Just because a material happens to be manmade doesn't mean it has no beauty. Jeweler Larry Bruno stumbled upon a gorgeous one - slag which is a glasslike byproduct from the smelting process of raw metal ore. The hidden beauty of the slag pieces is revealed after it is sculpted by master gem carver, Glen Lehrer (Lehrer Desigsn, California) and made into original jewelry by Larry.
He initially sited his store, Bruno Jewelry, near a popular tourist attraction, Springfield Falls, in western Pennsylvania. A pretty place with good traffic seemed like an excellent idea. But there was so much more to the area than he thought.
Just below the cliff where his store sits is the remains of a 19th century iron foundry. The iron foundry operated from 1837 to 1862. It was deliberately located next to the falls because they needed water power. A huge water wheel drove the bellows and forced air into the furnace so that they could reach temperatures of about 2500 degrees C to melt iron.
Larry spent years on an archaelogical dig led by archaeologist, Dr John White, of Youngstown State University, to unearth this early American industrial site. The above picture is an artistic rendition of what the place looked like based on the archaeological findings.
The original ironmaster's 1850 house has been restored and will be a museum/art gallery displaying the rare historical artifacts. Larry also noticed that some of the slag rocks found on his property were rather like gemstones with different colors and realised their potential. It was he who named them, the Ironmaster's gem.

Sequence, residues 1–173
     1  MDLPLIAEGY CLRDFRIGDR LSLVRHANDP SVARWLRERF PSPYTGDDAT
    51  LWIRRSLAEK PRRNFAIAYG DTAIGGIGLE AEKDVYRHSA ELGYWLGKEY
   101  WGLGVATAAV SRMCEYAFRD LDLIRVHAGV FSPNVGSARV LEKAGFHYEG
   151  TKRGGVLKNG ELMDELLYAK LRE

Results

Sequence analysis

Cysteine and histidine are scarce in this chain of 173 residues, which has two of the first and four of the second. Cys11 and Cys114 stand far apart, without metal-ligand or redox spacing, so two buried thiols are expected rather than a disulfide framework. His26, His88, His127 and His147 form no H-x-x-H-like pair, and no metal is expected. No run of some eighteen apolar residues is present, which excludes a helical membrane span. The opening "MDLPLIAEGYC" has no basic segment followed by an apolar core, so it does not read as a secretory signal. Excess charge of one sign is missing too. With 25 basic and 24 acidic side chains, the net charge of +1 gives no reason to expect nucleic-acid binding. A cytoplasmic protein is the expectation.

Indeed Glen Lehrer, the gem carver likened the slag to agate due to the banding. He said, "It's also somewhat like opal, but more brittle, and it features fracturing throughout, probably due to the stress cooling the slag underwent after melting in the furnace." The colors range anywhere from chocolate brown to mossy greens. According to Dr White, some of the slag pieces approach the hardness of quartz, with an average of 5 -6 on the Mohs scale.
While Larry didn't make the gemstones - the iron foundry did - what he does instead is to create beautiful jewelry from what was unwanted waste product. This is recycling at its finest!
Hat tip to reader Aims for this find.
Before You Go:
- Fordite : Recycled Car Paint Jewelry by Urban Relic Design
- Ancient Roman Glass Necklace Tutorial
- Just How Much Copper does a Mine Produce?
Original Post by THE BEADING GEM
Jewelry Making Tips - Jewelry Business Tips